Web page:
Featuring Gregory Horndeski
Featuring Peter Eglington, Jason Horwitz, Helen Matteson, Rick Skogsberg
BigTown Gallery, and its non-profit, BigTown Projects, Inc. explores the local impact of creative economy. Our programming seeks to highlight accomplished and well-established artists for general appreciation, enjoyment and investment.
BigTown Gallery, offers a full spectrum of visual, literary, and performing arts with its year-round exhibit schedule, Summer Reading Series, and performing arts events. Programming is presented by the Gallery’s non-profit 501c3 tax deductible sister-entity, BigTown Projects, and is generously supported by loyal audience members and partners; all free (unless noted otherwise) and open to the public. The Bigtown Projects events are currently held at BigTown Gallery Rochester, located in the heart of Vermont, on RT 100 at 99 North Main, Rochester.
BIgTown Gallery represent the following artists: Peter Eglington, Helen Matteson, Jason Horwitz, Rick Skogsberg
Helen Dwyer Matteson (b. 1925-2011)
Helen Dwyer Matteson was born May 25th, 1925 in Chicago. She received her undergraduate degree in History from the University of Rochester in 1946, where she studied music and piano. In 1947 she moved to New York City and took classes at the National Academy of Design and at the Art Student League. It was at the Greenwich House in 1950 that she met Ira. They married in 1952 and in 1958 had their only child, Abby.
Helen spent her time painting and drawing, reading, and listening to music. She frequented museums and galleries wherever they lived, exposing herself to the contemporary artists of her time. Ira said that he and Helen spoke only occasionally about their art, but often discussed the work of others. Helen’s artwork was made privately and rarely shared, except on a few occasions between 1976 – 1982 while she and Ira lived in Ohio, and where Ira taught at Kent State. In 1982, Helen had a solo exhibition at the Akron Art Museum, Akron, Ohio.
Helen continued to paint and draw when they moved to Thetford, Vermont rarely missing a day from 1994 until her death in 2011. She produced over 400 complete sketchbooks, and nearly 8,000 small format paintings and drawings on paper; 36 individual series, one series with 2,400 variations, all of which are undated, untitled and unsigned by the artist. Helen’s geometric and minimalist forms are imbued with a deep appreciation of the abstract themes of her time. Within the simple setting of her one story home where she lived with Ira, in an alcove with a restive, east-facing view of her lawn sloping towards a thick pine forest, Helen worked with great dedication and created the majority of what remains of her work today. It is in this rural town removed from all distractions that she painted ritualistically, undisturbed, and without regard for audience or outcome.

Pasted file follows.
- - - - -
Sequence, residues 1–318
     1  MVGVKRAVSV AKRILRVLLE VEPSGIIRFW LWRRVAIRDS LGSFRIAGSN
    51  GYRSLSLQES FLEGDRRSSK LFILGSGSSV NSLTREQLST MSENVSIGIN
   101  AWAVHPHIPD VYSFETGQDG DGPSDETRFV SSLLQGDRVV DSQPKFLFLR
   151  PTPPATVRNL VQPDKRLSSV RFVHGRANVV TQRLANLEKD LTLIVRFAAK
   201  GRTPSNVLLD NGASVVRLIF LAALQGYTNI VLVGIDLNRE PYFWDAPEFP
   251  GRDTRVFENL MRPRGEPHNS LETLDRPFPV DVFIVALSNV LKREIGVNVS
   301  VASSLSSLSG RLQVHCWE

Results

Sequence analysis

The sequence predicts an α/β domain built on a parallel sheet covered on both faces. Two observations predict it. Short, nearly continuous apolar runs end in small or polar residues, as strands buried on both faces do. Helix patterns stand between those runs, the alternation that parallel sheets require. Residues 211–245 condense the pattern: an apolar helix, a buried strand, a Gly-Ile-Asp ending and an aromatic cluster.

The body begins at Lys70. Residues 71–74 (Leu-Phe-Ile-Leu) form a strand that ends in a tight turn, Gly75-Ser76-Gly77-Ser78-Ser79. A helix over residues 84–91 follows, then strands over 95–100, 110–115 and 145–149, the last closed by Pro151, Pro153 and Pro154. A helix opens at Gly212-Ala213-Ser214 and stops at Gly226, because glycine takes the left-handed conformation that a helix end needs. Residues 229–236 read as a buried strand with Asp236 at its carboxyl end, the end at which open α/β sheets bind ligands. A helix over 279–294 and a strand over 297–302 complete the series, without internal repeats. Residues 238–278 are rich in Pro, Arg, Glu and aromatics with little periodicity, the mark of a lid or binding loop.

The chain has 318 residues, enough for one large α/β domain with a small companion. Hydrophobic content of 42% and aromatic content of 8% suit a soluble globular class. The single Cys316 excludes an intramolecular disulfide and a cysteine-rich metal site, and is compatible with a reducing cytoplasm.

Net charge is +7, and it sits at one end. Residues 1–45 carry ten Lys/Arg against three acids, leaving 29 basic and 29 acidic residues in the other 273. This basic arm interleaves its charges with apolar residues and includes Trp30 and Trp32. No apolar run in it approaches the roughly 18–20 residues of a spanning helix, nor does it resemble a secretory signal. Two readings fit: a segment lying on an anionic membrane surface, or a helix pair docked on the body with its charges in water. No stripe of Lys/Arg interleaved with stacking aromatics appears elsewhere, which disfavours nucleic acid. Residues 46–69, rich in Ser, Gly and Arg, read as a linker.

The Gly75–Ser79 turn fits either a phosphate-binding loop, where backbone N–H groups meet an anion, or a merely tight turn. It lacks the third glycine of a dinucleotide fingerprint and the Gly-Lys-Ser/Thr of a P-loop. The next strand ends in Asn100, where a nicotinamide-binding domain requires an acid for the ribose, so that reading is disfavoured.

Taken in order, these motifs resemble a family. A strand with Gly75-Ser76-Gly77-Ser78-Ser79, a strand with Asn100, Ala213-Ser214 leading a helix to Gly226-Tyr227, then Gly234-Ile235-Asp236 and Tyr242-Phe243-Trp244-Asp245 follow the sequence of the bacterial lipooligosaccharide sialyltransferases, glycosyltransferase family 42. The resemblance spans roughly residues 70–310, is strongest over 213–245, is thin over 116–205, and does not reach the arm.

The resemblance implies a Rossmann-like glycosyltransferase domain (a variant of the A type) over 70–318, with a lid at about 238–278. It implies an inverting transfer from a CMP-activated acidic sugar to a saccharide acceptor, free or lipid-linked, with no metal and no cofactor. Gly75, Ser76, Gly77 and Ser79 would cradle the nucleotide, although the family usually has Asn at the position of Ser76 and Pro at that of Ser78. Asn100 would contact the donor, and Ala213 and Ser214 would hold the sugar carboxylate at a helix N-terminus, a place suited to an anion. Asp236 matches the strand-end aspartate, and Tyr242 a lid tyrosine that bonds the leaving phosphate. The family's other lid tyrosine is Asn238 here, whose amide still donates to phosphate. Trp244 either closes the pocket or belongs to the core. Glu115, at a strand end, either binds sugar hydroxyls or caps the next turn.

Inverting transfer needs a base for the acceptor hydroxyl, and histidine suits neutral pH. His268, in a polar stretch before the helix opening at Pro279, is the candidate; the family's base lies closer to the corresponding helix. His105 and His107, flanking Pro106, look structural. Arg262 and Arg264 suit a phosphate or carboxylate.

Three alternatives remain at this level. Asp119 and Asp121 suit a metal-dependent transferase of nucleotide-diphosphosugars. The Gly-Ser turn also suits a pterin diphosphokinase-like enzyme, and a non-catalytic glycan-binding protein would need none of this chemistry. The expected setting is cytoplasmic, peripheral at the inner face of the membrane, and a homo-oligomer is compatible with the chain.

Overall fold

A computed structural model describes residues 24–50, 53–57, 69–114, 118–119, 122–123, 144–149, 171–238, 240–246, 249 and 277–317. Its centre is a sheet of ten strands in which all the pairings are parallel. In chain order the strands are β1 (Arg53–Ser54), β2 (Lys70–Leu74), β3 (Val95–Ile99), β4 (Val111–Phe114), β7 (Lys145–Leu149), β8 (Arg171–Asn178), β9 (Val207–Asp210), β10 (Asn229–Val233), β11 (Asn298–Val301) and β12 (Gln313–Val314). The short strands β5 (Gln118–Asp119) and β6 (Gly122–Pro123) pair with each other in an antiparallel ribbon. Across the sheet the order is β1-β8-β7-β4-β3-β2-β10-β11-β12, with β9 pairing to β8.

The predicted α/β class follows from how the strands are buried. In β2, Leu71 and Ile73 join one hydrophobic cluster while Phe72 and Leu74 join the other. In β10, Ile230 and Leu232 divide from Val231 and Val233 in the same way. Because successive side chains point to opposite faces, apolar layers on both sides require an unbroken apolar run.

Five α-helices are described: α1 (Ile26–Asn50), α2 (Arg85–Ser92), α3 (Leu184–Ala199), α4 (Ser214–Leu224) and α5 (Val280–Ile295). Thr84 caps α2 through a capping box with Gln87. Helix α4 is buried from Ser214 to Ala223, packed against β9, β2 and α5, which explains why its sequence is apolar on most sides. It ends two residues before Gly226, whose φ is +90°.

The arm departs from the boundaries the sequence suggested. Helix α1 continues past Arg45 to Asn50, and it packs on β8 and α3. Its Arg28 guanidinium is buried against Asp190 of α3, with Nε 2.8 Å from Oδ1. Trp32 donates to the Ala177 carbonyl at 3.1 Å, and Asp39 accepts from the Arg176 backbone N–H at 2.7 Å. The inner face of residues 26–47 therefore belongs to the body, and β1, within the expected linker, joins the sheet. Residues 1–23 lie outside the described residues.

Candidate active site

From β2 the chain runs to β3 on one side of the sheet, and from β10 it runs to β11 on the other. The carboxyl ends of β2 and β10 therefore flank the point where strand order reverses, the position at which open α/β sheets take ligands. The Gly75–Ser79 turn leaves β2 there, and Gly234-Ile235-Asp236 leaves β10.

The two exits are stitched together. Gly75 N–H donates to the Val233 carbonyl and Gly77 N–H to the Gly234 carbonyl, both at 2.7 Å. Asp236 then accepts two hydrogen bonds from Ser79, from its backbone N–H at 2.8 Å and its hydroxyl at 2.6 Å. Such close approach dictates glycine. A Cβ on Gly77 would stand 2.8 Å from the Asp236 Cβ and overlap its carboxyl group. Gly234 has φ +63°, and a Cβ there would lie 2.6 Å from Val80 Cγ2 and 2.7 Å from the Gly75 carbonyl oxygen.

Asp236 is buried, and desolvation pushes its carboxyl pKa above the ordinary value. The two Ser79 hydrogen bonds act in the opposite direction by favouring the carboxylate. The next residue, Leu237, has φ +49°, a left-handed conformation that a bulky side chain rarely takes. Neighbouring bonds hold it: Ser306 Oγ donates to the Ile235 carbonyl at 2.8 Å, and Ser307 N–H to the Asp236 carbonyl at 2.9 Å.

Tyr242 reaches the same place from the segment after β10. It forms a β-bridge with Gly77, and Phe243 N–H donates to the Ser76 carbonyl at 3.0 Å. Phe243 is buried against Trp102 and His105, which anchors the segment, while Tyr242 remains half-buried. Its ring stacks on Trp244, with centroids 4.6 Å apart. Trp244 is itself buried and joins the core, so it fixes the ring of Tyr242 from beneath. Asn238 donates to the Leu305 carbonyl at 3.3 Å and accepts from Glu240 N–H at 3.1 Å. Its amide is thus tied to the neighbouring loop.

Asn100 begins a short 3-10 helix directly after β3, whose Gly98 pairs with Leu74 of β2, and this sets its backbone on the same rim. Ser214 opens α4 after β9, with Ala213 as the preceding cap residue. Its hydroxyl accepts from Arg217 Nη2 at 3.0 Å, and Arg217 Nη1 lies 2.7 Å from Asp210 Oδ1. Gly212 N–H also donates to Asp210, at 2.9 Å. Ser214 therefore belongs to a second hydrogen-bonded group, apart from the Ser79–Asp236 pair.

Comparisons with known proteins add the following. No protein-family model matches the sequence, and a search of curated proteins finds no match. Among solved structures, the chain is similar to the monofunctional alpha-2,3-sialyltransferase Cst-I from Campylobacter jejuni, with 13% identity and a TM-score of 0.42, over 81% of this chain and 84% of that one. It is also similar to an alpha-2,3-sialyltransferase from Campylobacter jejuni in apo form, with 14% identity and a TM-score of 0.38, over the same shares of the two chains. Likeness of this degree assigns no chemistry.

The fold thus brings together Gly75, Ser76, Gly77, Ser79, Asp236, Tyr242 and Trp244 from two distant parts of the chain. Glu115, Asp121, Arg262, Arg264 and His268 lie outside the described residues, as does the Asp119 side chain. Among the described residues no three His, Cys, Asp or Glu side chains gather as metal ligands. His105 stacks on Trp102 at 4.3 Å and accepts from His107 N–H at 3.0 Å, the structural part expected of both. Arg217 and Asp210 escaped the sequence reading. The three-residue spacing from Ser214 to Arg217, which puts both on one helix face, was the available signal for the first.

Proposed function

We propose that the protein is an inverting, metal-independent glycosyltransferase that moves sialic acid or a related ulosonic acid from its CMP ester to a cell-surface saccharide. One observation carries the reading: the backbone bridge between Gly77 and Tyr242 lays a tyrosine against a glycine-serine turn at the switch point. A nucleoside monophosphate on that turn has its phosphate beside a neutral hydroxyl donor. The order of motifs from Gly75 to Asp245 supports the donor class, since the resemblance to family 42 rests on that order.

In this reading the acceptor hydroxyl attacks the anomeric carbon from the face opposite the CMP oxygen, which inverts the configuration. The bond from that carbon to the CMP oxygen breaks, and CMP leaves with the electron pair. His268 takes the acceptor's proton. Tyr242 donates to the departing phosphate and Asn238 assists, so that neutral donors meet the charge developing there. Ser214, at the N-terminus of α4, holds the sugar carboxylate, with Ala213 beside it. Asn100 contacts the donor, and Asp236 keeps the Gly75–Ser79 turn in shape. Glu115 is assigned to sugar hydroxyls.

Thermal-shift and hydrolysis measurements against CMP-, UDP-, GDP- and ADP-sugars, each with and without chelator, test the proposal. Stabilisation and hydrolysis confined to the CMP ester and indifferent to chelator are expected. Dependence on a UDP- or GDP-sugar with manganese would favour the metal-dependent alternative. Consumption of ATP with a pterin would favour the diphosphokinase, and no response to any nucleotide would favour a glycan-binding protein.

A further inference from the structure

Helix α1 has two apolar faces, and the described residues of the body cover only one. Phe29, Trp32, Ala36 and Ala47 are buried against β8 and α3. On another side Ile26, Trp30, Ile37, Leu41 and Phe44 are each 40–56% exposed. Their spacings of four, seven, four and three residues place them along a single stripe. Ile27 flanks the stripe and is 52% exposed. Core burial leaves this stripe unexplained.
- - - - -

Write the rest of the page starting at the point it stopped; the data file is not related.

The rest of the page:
Peter Eglington (b. n.d.)
Peter Eglington was born and raised within the largest caldera of the Southern Hemisphere in the shadow of Mount Warning, New South Wales, Australia. Throughout his upbringing, Peter, the oldest of three siblings, played in the bush, climbed trees, learned about the birds and the animals of the region, and was deeply immersed in the culture of the indigenous people that helped sustain his family’s livelihood.
Born within a mile of the ocean, he surfed the rugged waters of the South Pacific every day with his dad and his mates—he is an Australian surfer, coming-of-age in the late 1960s. In the early 1970s he was catapulted into his twenties by the activism of the times. Influenced by the psychedelic art and music from the UK and the US, he was swept up into the rapid transformation of the globalization of the world.
He experimented with psycho-active drugs while doodling to the music of Santana, and pouring over the album covers of Abdul Mati Klarwein. Peter’s first job, though short lived, was as a photographer for the Australian Broadcasting Corporation after which he traveled extensively throughout Asia, spending time in Bali, Sri Lanka, New Zealand, the Himalayas, the Amazon and Afghanistan.
Between the 70s and 80s, Peter traveled back and forth to different parts of Asia, and New Zealand to study and develop his artistic abilities, also spending considerable time in the Himalayas. There he says, “began my fascination with the Mandala.” As a life-long student of the world’s great mystical traditions —a Meditator and Vedic Astrologer—he understands the “ancient role of the shaman as artist and the keepers of community health.
Dedicated to Biuku Gasa and Eroni Kumana for their heroic role in rescuing JFK and the crew of the PT 109.
March 11, 1961
Reverend E. C. Leadley has recently sent me your very kind message, and I can't tell you how delighted I was to
know that you are well and prospering in your home so many thousands of miles away from Washington.
Like you, I am eternally grateful for the act of Divine Providence which brought me and my companions
together with you and your friends who so valorously effected our rescue during time of war. Needless to say, I
am deeply moved by your expressions and I hope that the new responsibilities which are mine may be exercised
for the benefit of my own countrymen and the welfare of all of our brothers in Christ.
You will always have a special place in my mind and my heart, and I wish you and your people continued
prosperity and good health.
John F. Kennedy
99 North Main Street
Rochester, VT 05767
+1 802 767 9670